As BHP Billiton's World Turns

Todd Shriber
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Licking its wounds after yet another failed attempt at a mega-acquisition, attention now turns to what company may be the next object of BHP Billiton's affections. Speculating on who is next in the world of mergers and acquisitions is just a byproduct of the Wall Street rumor mill, but the ''who is next'' game is also a quasi-sport on the Street. It is a way turn a conversation that is nothing more than conjecture into legitimate headlines.

This much is known: BHP's acquisition addiction will not be cured by one scuttled deal, in this case its bid for Potash Corp. The world's largest mining company has been down this road before. Remember, its bid for rival Rio Tinto (RIO) fell apart thanks to the global financial crisis.

Working on the assumption that the Potash (POT) bid is now resting in the M&A graveyard, the spotlight now turns to who is next on BHP's wish (or hit) list. As we have reported here on, two names have been popping up more than others: Anadarko Petroleum and Australia's Woodside Petroleum.

Looking at Woodside first, the deal makes sense. BHP obviously has deep ties to Australia and would not face the same political problems there that it faced in Canada with its bid for Potash. For its part, Woodside is frequently, dare I say perennially, the topic of takeover rumors. There was a time that Royal Dutch Shell (RDS-A) wanted to buy Woodside, but Australia blocked that deal.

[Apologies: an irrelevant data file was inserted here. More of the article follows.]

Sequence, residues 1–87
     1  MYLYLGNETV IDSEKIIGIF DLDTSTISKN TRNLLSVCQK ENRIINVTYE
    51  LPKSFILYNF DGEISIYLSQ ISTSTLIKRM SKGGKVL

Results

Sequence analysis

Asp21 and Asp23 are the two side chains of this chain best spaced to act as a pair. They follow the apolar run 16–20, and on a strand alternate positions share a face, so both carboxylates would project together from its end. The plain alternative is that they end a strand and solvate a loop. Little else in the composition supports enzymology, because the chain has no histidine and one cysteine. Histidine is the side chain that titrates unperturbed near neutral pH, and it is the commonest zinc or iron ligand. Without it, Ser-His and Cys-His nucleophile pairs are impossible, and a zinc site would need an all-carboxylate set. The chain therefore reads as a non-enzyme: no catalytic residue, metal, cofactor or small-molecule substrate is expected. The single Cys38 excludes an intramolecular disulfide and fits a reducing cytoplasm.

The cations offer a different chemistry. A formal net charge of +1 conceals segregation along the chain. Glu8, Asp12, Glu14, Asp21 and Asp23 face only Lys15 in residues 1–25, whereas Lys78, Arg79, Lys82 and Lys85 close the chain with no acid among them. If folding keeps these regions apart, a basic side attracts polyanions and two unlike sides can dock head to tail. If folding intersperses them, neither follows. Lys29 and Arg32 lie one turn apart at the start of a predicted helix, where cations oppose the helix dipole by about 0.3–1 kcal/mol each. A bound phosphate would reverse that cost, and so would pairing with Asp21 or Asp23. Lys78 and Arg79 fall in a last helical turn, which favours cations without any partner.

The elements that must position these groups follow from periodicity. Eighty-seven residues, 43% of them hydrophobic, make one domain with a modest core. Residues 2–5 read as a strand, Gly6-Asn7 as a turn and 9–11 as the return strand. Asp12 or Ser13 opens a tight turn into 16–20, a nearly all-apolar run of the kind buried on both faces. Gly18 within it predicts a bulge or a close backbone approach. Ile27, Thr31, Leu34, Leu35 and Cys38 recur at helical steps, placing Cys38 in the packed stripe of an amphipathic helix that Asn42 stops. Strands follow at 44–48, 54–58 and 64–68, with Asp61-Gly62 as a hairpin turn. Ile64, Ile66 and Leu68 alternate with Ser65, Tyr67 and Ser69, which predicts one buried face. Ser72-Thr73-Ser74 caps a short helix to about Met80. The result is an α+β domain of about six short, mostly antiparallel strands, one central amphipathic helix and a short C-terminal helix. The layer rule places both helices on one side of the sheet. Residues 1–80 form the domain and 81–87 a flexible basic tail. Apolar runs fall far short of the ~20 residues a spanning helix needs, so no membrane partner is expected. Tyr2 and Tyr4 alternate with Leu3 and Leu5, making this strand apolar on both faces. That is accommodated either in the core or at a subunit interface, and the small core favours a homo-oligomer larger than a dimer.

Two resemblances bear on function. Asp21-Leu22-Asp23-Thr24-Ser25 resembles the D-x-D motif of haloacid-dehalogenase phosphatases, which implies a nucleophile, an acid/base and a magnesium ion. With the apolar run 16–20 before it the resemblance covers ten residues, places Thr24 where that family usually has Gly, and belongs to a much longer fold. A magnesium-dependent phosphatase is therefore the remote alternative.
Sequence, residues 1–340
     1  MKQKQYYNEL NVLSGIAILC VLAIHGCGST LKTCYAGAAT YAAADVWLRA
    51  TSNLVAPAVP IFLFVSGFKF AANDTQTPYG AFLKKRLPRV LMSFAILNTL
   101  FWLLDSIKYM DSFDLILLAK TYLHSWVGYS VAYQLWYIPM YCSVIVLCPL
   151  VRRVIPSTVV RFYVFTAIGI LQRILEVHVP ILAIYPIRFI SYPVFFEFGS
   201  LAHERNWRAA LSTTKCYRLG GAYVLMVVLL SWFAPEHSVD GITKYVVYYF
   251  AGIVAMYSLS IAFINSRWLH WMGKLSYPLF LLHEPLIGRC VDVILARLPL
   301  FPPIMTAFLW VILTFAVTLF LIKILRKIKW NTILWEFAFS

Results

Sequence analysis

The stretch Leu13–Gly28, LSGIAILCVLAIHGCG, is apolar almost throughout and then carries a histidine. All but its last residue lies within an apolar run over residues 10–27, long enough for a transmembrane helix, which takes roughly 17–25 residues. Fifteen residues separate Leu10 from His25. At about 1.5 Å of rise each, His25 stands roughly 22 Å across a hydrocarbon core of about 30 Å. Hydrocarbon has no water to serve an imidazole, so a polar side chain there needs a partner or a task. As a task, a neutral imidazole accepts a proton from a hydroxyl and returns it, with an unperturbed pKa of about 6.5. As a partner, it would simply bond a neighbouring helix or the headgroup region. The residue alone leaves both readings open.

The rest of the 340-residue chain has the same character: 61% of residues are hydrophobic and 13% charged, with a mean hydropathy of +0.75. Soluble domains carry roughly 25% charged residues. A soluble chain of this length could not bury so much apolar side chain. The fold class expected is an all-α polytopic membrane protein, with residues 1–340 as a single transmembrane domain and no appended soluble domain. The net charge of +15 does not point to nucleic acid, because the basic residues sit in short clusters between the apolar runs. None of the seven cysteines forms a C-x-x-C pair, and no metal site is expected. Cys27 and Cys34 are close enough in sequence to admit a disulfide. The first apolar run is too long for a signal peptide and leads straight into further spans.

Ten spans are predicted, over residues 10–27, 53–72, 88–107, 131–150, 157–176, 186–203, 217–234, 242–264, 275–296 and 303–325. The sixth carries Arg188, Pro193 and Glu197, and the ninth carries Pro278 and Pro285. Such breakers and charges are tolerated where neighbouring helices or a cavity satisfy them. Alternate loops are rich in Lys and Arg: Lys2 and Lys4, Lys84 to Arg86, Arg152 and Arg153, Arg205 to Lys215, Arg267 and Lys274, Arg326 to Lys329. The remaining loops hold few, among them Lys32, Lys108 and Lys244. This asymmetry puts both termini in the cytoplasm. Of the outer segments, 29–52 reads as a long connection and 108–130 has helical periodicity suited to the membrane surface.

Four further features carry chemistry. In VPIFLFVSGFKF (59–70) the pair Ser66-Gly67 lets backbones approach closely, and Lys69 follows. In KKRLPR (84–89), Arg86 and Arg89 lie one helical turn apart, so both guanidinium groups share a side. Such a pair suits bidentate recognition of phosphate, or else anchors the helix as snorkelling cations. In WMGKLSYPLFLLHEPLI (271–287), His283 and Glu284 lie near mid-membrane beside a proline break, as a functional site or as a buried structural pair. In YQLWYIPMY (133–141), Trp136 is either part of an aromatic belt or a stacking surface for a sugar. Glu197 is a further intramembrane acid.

Shell settled instead for owning roughly 34% of Woodside. That stake is set to fall by 10% as Shell said on Monday it will almost $3.3 billion worth of Woodside shares. Is this is a sign BHP (BHP) is going to come swooping in to gobble up Woodside? Do not bet on it. As one analyst put it, Shell had to sell those shares in the open market. If there was a buyer for Woodside, say BHP, waiting in the wings, Shell would have been able to sell the shares to that party, probably for a better price. That was not the case.

Anadarko (APC) makes for an intriguing target. The Texas-based company was reported to be a backup plan to Potash as far back as September and the rumor gained steam last week thanks to a UBS report that said BHP could turn its eye to either Anadarko or Woodside after missing out on Potash.

This is another deal that would make sense, at least at first glance. Anadarko and BHP are both active in the Gulf of Mexico and BHP has said it wants to boost its oil and gas production. As a balance sheet play, Anadko makes sense as it brings 2.3 billion barrels of reserves to the table and that number is from the end of last year, so it could be a bit higher. Plus, Anadarko ended the third quarter with $4.2 billion in cash on hand.

Of course, there is the matter of potential unknown liabilities related to Anadarko's 25% non-operating interest in the Macondo well project and the bill that BP (BP) has saddled Anadarko with for cleanup costs, the same bill Anadarko is refusing to pay.

Beyond all of that, the Wall Street Journal ran interesting piece over the weekend that showed Anadarko would have done little or nothing to add to BHP's EBITDA over the last several years.

Apache (APA) makes for an interesting topic of speculation, but BHP would probably have to bid as much as it bid for Potash to get Apache, if not more. The only source I have heard discuss BHP/Apache is one commentator from CNBC, but the two companies work together on a gas project in Australia. Plus, Apache is cheaper than Woodside based on forward earnings projections. Woodside trades for over 23 times forward earnings while Apache's multiple is 12. Interesting...